Networking is all about discovering and utilizing connections between people and tapping into your circle of friends, family, professors, previous employers and Wake Forest Alumni. Remember, networking isn’t about schmoozing or begging for a job. Be curious about the life of the person sitting across from you, and most importantly, be grateful.
80% of jobs are not posted online and are obtained through networking.
- gain information and advice about a career field, industry or organization
- learn more about possible job opportunities
- connect with more people who are doing the things you want to do
- build relationships with people who could be good life mentors
Find Networking Contacts
Steps you can take to find contacts to begin networking with.
Connect with an Identified Contact
How to communicate with an identified contact.
Asking questions to gain information, not a job.
Here’s how you start:
So, the question is this: How do you do the work of building a strong network that can help you at some unspecified time in the future?
The good news? It’s pretty simple. Check out these words of wisdom from Allison McWilliams, Assistant Vice President for Mentoring and Alumni Personal & Career Development, Wake Forest University.
Your network is critical to both your current and future success. Below are five tips for building and maintaining your network, beginning today.
First, reflect on your goals, strengths and interests.
What are you working towards, either in your current role, or in the future? How can your current role or organization help to develop your skills and grow your strengths? What knowledge are you lacking about yourself? Take some time to write the answers to these questions down.
Second, take some time to assess your current strong and weak ties.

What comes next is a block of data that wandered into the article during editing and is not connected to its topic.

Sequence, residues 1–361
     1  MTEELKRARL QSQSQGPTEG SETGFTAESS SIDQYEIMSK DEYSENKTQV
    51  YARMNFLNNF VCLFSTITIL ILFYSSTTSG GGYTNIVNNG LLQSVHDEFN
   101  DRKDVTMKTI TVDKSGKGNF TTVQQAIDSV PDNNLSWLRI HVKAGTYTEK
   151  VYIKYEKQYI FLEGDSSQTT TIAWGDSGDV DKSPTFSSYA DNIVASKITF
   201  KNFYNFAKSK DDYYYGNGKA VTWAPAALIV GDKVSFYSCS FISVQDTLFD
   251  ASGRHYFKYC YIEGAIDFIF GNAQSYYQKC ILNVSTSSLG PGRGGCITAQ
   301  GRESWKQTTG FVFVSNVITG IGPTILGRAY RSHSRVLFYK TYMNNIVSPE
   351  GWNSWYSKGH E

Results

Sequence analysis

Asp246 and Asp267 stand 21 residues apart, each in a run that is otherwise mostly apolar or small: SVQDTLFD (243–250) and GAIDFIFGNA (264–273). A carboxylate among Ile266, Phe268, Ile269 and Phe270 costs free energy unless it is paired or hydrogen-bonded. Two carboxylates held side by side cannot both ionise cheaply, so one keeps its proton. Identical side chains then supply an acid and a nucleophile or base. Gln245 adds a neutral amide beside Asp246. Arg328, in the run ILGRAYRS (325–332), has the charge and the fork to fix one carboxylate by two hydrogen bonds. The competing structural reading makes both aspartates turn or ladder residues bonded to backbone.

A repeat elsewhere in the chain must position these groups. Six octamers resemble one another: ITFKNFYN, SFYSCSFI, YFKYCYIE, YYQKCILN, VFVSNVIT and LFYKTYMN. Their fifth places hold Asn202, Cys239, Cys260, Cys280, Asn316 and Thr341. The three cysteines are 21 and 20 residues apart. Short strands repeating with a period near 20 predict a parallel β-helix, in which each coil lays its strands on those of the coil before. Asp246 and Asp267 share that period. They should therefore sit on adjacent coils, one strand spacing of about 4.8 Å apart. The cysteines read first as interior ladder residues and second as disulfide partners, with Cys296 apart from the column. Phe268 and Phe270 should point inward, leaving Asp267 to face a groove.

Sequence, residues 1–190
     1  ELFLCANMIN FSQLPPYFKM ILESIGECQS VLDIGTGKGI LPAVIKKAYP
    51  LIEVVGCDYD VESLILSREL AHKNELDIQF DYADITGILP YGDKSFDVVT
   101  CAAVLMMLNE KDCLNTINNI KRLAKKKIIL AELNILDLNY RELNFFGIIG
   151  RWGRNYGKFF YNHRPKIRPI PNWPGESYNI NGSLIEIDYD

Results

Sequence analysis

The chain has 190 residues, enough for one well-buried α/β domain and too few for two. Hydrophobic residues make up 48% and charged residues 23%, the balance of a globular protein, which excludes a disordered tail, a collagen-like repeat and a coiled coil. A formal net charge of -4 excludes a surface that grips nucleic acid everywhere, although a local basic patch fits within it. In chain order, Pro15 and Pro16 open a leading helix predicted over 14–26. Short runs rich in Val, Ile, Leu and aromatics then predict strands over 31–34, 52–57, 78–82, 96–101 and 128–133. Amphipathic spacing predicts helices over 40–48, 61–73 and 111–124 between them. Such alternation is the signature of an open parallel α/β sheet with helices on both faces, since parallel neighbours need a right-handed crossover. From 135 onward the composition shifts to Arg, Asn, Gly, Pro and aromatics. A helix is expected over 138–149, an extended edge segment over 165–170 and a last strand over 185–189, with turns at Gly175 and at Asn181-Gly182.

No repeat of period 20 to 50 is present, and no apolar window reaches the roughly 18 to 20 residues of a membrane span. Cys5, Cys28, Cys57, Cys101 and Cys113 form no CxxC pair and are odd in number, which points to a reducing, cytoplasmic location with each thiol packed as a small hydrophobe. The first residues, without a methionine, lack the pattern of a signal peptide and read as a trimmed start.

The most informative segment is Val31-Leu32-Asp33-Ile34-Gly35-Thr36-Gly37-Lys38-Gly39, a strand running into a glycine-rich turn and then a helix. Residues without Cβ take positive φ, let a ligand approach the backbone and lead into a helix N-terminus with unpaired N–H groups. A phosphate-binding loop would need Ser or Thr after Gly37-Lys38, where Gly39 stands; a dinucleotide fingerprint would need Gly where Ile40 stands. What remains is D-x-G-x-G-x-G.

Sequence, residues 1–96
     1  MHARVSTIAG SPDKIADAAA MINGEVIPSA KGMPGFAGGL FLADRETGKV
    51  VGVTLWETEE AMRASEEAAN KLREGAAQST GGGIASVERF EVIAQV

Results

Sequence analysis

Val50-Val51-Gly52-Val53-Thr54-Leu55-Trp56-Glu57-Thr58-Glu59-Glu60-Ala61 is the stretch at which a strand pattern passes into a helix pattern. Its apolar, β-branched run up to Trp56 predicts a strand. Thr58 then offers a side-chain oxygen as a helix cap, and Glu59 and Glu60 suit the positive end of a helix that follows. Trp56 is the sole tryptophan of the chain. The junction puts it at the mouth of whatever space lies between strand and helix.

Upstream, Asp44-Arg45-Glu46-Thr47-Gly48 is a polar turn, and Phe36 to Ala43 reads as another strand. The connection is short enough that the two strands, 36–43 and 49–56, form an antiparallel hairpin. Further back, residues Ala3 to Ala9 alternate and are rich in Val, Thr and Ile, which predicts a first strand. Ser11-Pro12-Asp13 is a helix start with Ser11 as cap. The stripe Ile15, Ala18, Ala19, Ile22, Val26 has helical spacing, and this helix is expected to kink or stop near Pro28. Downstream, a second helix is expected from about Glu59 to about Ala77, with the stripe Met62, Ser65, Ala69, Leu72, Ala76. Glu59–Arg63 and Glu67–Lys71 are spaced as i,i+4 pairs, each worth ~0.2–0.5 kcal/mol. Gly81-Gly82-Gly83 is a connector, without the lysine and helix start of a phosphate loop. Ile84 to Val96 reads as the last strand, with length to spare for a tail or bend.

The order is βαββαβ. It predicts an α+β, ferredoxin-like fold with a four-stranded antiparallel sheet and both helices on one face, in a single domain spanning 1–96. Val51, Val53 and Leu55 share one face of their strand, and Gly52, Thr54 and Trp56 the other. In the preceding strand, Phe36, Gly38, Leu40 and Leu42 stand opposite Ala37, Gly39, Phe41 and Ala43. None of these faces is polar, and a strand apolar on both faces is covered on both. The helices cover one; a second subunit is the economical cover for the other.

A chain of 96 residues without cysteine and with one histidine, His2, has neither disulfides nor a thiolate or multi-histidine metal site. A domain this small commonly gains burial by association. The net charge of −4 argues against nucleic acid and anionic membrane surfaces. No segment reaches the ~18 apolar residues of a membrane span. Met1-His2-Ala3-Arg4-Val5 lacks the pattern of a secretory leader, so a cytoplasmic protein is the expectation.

Your strong ties are those people who know you best, who most align with your values and beliefs, who are your constant champions and advocates and often will identify opportunities for you. Your weak ties are your looser connections, the people who diversify your network and your perspective, and those who can connect you to a broader range of opportunities, but may not necessarily do so of their own volition.
Third, create a regular practice of curiosity conversations.
These are informational interviews, without the pressure of feeling like you’re asking for anything other than the other person’s time. Look around your organization and identify individuals you don’t know very well. Every other week, ask one of these people to have coffee, with the purpose of learning about his or her path, challenges and successes, and lessons learned.
Fourth, grow your resume and your network with experiences.
Look for opportunities to volunteer, join boards, join social networks, and other experiences that expose you to a broader universe of people.
Finally, be sure to cultivate your network.
You can’t let your network sit dormant and then expect it to work for you. Cultivation is key.